When the items are in this central location they are often reduced by 25%.
They are then reduced by 90% off the RRP at around 6pm.
Again, each store is slightly different so be sure to repeatedly check back at your store to see when the specific time is.
Aldi only marks down products on the same date as the best before or use by date.
An instead of centrally locating these items into one area they leave them where the item is usually located.
So, for reduced mushrooms, you’ll go to the mushroom area. Rather than a specific location in the store where all the reduced items are.
Items are reduced by 50% on the morning of the best before / use by date. This does not increase throughout the day.
Reduced Food Etiquette
If you know anything about yellow label shopping or reduced food shopping you will know that there are plenty of opinions on whether it is fair to other people and if it should be done.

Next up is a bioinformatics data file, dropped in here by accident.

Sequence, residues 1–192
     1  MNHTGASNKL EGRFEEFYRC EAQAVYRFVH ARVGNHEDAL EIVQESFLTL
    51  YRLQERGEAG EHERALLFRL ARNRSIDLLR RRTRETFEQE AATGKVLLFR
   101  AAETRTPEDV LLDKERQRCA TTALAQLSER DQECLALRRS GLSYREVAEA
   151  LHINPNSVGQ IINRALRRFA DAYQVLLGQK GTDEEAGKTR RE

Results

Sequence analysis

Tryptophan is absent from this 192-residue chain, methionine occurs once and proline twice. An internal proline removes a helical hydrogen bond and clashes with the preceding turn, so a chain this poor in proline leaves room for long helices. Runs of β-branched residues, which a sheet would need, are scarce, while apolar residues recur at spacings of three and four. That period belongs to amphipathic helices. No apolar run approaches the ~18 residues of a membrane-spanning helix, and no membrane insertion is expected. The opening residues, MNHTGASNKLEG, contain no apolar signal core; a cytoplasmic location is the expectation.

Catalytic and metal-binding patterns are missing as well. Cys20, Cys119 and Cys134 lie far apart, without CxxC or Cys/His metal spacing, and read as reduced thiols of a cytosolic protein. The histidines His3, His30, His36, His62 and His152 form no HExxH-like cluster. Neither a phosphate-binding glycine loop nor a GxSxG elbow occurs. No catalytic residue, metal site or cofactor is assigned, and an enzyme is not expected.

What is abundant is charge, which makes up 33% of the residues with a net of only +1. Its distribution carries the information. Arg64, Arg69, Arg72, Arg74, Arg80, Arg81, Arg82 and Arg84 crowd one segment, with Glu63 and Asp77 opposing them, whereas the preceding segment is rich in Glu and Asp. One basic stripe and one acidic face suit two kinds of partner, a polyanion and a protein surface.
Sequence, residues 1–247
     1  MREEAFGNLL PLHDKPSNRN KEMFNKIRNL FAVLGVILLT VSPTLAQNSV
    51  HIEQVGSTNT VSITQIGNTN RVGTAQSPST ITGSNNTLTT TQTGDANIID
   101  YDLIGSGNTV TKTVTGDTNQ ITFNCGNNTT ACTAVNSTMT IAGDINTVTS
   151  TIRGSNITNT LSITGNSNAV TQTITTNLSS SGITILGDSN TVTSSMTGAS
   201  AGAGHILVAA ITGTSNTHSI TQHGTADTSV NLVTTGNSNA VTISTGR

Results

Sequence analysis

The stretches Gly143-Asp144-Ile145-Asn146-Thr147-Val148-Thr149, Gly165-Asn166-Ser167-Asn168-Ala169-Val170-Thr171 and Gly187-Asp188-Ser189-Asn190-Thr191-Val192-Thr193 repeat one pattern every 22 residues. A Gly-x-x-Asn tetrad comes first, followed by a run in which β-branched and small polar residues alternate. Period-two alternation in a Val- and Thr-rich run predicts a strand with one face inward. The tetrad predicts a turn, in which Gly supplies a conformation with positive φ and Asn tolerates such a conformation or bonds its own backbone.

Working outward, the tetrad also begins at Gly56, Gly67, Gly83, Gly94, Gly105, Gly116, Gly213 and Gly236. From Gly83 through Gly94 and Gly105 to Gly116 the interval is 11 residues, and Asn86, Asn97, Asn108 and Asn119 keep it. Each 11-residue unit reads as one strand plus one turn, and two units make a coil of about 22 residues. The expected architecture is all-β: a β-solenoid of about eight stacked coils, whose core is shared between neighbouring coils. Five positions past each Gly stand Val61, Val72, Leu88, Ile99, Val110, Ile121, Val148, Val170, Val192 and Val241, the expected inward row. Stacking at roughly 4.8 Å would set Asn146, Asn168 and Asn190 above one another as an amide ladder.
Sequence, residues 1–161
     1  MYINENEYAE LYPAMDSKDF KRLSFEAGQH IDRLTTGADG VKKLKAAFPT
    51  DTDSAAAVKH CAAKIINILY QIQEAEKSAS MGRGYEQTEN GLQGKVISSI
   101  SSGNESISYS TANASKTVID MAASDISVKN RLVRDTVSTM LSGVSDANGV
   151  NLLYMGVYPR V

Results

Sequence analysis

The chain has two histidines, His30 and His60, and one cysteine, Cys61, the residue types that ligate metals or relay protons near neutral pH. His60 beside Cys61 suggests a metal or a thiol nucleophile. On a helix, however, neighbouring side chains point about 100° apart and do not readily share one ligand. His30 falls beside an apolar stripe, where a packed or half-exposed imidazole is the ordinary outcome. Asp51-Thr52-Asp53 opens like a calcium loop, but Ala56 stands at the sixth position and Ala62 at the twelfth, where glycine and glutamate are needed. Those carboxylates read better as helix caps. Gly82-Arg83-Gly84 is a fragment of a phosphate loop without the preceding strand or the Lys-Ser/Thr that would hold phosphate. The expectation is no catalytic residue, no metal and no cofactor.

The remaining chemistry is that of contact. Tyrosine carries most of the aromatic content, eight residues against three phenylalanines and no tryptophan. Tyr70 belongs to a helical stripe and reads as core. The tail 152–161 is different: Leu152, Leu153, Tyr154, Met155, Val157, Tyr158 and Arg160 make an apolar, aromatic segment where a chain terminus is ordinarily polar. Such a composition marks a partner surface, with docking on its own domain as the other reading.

While we shopped at our local supermarket trying to bag some bargains we picked up on the etiquette. I am not saying everyone has the same attitude but it is something worth keeping in mind.
Don’t Be Greedy
While there are people in the world who are greedy, you don’t have to be one of them.
Reduce your own waste and only buy what you need and will use, remember only buy what you can store too. Many people that shop in the reduced section are there to save money like you.
We have often been the closest to the action and been able to get the good stuff once it is marked down, however, if you already have 1 packet of sausages and you realise the person behind you wanted them but couldn’t reach, pass them to them.
There have been many times we have swapped our deals with other shoppers so we have more variety in our basket.
Not everyone will be kind and you will be stunned that some people can be aggressive or plain rude but don’t lower yourself to that level.
Be nice to the staff as they often don’t like doing the job, the nicer you are to them the nicer they are going to be to you.
If they are really nice they will even give you hints and maybe try to get you a good deal on your food.
Bonus Tip: If you’re embarrassed by the reduced food stickers or low-cost packaging on your items consider this hack from the top Money Saving Blog.